Understanding the likelihood of a live birth is important for fertility treatment planning, particularly when one cycle fails and further treatment may be contemplated. This study aims to estimate the chance of live birth among gestational surrogates undergoing altruistic surrogacy arrangements between 2009 and 2016 in Victoria, Australia. A total of 81 gestational surrogates with 170 embryo transfer cycles were included. Of the 170 embryo transfer cycles, the majority were single embryo transfers (SETs; 97.1%), using frozen/thawed embryos (97.6%) which had been fertilized by intracytoplasmic sperm injection (77.6%). The cumulative live birth rate was 23.5% (95% CI, 15.6–33.8%) after the first cycle and increased to 50.6% (95% CI, 40.0–61.2%) after the sixth cycle. Of the 41 deliveries, 40 were singletons and one was a twin delivery. Two of the 42 deliveries were preterm, two were low birthweight and one was small for gestational age. The findings imply that surrogacy treatment can be offered up to six consecutive embryo transfer cycles to gestational surrogates. SET is encouraged in surrogacy practice to improve perinatal outcomes. These estimates can be used in counselling and decision-making for intended parents and gestational surrogates to continue a surrogacy treatment and informing public policy on assisted reproductive technology treatment.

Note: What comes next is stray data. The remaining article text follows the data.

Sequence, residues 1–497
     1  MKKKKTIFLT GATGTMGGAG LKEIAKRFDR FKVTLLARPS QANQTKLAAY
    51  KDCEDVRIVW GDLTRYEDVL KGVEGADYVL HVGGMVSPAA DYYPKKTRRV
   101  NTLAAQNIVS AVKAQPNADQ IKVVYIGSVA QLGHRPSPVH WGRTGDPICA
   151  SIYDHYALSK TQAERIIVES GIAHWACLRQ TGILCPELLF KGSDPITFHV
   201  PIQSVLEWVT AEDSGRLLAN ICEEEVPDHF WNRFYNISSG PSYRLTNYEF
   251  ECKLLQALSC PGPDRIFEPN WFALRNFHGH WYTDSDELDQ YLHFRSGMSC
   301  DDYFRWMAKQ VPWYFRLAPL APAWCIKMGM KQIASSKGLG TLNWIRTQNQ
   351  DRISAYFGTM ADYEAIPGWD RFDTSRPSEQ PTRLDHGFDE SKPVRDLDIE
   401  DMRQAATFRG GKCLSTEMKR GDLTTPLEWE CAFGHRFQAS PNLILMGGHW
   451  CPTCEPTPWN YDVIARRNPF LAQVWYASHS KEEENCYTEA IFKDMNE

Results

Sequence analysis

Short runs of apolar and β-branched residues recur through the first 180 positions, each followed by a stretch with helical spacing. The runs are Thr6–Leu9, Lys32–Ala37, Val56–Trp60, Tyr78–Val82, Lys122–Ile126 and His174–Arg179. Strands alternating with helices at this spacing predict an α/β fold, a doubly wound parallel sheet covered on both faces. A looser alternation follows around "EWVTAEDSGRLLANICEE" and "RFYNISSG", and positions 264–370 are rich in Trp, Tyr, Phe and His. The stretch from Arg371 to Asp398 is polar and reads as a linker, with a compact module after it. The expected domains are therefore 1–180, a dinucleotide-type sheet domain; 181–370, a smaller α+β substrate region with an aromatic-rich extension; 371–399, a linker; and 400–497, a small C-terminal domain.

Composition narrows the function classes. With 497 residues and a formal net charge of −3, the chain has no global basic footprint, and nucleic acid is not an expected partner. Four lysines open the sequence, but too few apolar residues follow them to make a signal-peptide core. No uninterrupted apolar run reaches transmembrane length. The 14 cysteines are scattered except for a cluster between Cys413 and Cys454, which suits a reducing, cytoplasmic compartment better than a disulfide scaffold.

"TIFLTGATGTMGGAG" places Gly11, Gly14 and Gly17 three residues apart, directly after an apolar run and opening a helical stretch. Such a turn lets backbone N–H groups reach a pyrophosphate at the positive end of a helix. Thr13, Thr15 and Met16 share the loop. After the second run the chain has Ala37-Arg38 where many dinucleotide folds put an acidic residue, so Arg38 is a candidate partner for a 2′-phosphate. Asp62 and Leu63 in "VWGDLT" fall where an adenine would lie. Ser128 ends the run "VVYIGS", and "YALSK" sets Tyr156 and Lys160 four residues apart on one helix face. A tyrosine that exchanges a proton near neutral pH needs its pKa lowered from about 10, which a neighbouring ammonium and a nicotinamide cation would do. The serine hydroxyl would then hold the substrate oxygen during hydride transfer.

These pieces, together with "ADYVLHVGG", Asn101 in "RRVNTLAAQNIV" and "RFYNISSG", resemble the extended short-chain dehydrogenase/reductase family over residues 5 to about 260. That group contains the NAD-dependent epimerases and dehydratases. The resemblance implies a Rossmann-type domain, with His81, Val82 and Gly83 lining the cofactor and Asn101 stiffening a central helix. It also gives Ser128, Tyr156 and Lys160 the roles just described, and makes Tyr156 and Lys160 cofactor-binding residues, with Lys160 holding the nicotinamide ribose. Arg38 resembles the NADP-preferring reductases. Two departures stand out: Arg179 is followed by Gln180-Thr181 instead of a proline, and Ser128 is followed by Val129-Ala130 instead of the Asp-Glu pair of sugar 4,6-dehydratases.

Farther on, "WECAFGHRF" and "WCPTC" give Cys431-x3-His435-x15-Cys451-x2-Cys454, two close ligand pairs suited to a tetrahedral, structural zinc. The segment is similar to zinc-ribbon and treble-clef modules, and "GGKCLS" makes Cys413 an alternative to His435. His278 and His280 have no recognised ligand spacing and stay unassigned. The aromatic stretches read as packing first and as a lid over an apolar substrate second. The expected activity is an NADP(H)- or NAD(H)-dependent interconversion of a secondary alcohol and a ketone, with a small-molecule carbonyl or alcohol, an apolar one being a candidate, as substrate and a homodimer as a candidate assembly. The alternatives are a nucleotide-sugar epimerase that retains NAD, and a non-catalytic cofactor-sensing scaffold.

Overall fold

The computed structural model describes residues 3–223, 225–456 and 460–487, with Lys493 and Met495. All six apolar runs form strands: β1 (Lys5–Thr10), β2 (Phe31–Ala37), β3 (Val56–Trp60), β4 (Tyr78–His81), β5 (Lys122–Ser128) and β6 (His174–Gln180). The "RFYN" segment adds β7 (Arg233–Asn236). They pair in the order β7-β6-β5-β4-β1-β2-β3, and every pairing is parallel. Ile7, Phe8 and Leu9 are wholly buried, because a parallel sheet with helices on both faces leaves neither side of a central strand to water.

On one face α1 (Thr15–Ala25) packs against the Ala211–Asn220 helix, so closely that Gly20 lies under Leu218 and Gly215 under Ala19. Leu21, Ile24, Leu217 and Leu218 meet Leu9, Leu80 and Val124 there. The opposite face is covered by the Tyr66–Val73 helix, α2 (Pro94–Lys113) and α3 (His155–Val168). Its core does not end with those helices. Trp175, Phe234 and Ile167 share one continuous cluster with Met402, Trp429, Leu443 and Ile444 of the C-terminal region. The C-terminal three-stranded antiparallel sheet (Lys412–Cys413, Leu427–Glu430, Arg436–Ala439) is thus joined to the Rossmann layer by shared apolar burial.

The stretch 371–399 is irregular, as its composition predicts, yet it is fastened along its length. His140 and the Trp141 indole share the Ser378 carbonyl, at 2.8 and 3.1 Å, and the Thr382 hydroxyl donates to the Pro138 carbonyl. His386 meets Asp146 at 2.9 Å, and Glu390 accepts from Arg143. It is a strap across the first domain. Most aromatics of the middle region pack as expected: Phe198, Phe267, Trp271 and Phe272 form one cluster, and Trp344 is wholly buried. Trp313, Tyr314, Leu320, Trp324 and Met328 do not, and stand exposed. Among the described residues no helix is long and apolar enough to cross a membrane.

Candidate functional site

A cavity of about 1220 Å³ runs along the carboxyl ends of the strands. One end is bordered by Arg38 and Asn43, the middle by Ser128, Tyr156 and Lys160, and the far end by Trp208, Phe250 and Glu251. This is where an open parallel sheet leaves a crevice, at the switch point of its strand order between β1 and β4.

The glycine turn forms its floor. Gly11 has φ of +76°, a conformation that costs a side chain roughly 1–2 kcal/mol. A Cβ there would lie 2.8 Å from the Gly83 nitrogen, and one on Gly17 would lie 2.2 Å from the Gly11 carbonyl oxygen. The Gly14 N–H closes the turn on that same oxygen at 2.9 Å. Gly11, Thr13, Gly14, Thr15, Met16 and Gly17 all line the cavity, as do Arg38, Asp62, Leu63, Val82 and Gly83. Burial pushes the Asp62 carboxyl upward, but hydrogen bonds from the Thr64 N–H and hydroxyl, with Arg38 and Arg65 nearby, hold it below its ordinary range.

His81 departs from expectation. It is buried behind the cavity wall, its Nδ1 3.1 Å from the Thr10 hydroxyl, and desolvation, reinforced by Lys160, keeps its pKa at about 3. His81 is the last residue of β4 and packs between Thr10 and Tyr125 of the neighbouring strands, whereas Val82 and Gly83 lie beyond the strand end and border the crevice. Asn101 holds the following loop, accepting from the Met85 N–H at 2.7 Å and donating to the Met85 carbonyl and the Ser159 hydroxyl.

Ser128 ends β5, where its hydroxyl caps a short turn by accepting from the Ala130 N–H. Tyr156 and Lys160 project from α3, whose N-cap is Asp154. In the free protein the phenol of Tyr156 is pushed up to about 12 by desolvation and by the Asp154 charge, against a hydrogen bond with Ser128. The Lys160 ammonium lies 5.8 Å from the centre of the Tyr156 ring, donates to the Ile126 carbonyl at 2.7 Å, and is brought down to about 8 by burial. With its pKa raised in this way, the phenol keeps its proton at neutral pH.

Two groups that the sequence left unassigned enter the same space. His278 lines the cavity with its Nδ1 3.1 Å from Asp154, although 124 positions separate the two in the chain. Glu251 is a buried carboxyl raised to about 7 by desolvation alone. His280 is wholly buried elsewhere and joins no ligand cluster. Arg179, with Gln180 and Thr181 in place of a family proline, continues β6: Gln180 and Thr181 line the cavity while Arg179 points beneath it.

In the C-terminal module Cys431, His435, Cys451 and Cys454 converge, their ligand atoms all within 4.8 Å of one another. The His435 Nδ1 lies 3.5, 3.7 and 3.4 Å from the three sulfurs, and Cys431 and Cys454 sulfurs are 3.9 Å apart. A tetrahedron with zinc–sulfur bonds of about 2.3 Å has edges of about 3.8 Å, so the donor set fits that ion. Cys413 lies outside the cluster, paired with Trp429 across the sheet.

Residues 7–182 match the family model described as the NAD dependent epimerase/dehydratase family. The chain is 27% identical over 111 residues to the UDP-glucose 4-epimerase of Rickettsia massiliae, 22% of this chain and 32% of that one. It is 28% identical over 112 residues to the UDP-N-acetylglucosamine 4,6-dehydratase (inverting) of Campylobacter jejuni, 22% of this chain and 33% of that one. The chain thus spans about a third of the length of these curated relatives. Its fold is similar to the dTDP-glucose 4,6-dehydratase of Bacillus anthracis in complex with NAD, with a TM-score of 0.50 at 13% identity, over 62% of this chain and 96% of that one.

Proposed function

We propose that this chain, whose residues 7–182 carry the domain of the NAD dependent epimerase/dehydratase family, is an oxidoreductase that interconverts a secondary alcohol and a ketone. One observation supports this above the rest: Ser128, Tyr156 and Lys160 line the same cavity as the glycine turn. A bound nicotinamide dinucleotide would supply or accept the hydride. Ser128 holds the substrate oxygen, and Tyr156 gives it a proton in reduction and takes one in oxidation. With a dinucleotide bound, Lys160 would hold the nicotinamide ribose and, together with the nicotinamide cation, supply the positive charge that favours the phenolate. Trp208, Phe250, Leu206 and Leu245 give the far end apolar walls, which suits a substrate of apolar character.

- assisted reproductive technology
- cumulative live birth rate
- gestational carrier